Rabat when we first arrived in Morocco (these pictures are obviously not appearing in my Blog in any sort of order, but I've just started uploading them.) Rabat is obviously an extremely large city and being a health volunteer I only work in extremely rural areas, although on vacation I will revisit Rabat and we have mid-term Medical exams in the city.
A Moroccan roof-top, this a place of great importance for Moroccan women because much of the laundry and down-time is spent on the roof.
View of Casablanca from the Plane window (over two months ago, this picture if obviously also out of order.)

This week I have my final LPI (language exam) and next week I swear in as a volunteer. Our group has not yet had one person ET and hopefully this trend will continue, inshallah (which translates to God-willing.) I can't really say more about previous groups that are in country, but I will mention the information in an email. Our swear-in site is in an undisclosed location in the desert, so I have to prepare myself for the heat this week. I just had my final day with my first host family in CBT and I have to say that I had an amazing time at my CBT site. My host family was amazing and I know that they have little, but they would always give me so much. I've noticed and mentioned to another volunteer, how little materialism there is, because of the lack of "things." In the more rural areas there is very little money, the average income of a Moroccan in any rural area is less than 3 dollars a day and 70% of Morccans live in rural areas. My family always cooked the most amazing food and tried to teach me something new everyday. We did actually have a TV and I was able to watch Middle Eastern Music videos. This doesn't seem important, but the videos were something that we could all understand and having two host sisters that are around my age, we always enjoyed the videos. During our final CBT I was able to give my host family a few gifts and I gave them candy from staging in Philadelphia and a tea set from Morocco. My host-family is so amazing because I expected nothing from them, because they have given me so much already and then they gave me an amazing gift. They gave me Moroccan slippers (they told me many times that I had axator feet, axator being big, so I guess they knew the size) and a wall decoration for my new house made of Barley. I mention the feet thing, only because, for some reason every Moroccan in my town is extremely small and I always tower over them. They also always try to give me slippers to wear when I enter the house and my size 10 1/2 foot only fits into half of any shoe ever given to me. My family told me they bought the largest pair they could find at the Market (haha) and I really appreciate their kindness. Our CBT group of five hosted a party for everyone in town yesterday and we had a vast array of cookies and cake. Tea is always served and the women taught us their dance moves, we were fortunate because we have one male in are group and sometimes women will not dance around men, but they all seem to view B.E as just a brother. A male in another CBT group was asked to leave the room during the party and he said he felt that he missed out, because being able to see the women interact so freely is a huge cross-cultural lesson.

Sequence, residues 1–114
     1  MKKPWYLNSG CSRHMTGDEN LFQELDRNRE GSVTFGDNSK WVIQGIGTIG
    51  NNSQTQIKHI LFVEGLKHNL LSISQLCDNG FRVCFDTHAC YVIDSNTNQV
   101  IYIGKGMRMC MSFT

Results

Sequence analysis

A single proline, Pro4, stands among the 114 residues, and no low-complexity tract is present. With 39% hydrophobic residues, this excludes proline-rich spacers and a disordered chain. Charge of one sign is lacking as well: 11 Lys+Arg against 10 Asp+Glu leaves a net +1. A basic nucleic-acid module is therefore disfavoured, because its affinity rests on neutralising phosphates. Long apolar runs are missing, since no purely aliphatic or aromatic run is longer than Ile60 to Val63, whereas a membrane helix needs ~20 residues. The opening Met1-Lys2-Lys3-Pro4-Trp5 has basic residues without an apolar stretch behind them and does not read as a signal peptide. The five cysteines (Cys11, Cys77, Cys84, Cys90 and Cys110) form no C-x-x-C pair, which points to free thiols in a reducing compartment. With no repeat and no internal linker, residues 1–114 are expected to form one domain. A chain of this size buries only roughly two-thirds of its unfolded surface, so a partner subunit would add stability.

Monday, May 08, 2006

What I've learned about the Peace Corps....Thus far.

I've only been in Morocco 2 month's and during this time period, I've learned a vast amount of things about the Peace Corps and Morocco. I've learned to never except anything because the Peace Corps is only a series of surprises. I've learned that while in Morocco you can be in one region where it is snowing and travel 6 hours and be in the desert. I've learned to never except your travel plans to work out or be extremely comfortable/safe. This is because you normally have to wait on a grand taxi until you have 6 people to fill up the taxi or you take a bus around the mountains and you feel as if the brakes will fail at any moment. I've learned that you will re-evaluate your definition of beauty over and over again, because you see all the layers of beauty in another country. You will never be clean or look put together in the "bled," but you realize that you don't care because you haven't seen a mirror in a month. You learn that donkeys can be an amazing form of transportation if you live in a small down. You realize that the landscape can be anything from extremely beautiful to extremely barren.
I've learned to eat solely with my hands, I've learned how to not overeat couscous, I've learned to drink 17 glasses of tea a day, and yes I've learned to cook bread. I've learned that for some reason everyone at my site thinks that the best well water has fish in it..? I've learned that no matter how well I did at language in comparison to others in my group, that some woman in the bled will always tell me I know nothing. Therefore I've learned how confident I really am and how your confidence plays a major role in your success as a volunteer. I've learned that it is possible to find an amazing friend in a language you don't even speak, because I have many Moroccan friends and my language is only now developing. I've learned the power of women in this society and the power of the woman in the household. I've learned that, like any country, there are going to be a variety of cultures, beliefs, personalities, and practices. There are people who are incredibly welcoming and those who are not, just as in America. I've learned how to properly make a well and how to find water sources in remote areas of Morocco. I've learned that I actually don't value electricity and I'm actually disappointed I have it in my site. A final note~ Congratulations to all of my friends that graduated this weekend and good luck.

Saturday, April 29, 2006